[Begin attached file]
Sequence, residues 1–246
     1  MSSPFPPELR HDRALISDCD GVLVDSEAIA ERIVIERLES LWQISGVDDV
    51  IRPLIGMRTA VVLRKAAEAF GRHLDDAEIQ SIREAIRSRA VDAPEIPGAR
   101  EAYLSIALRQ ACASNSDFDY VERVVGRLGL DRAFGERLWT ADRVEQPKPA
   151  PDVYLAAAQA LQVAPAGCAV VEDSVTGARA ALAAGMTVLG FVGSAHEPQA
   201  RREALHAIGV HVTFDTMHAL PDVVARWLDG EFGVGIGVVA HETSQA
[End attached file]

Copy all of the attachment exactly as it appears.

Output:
Sequence, residues 1–246
     1  MSSPFPPELR HDRALISDCD GVLVDSEAIA ERIVIERLES LWQISGVDDV
    51  IRPLIGMRTA VVLRKAAEAF GRHLDDAEIQ SIREAIRSRA VDAPEIPGAR
   101  EAYLSIALRQ ACASNSDFDY VERVVGRLGL DRAFGERLWT ADRVEQPKPA
   151  PDVYLAAAQA LQVAPAGCAV VEDSVTGARA ALAAGMTVLG FVGSAHEPQA
   201  RREALHAIGV HVTFDTMHAL PDVVARWLDG EFGVGIGVVA HETSQA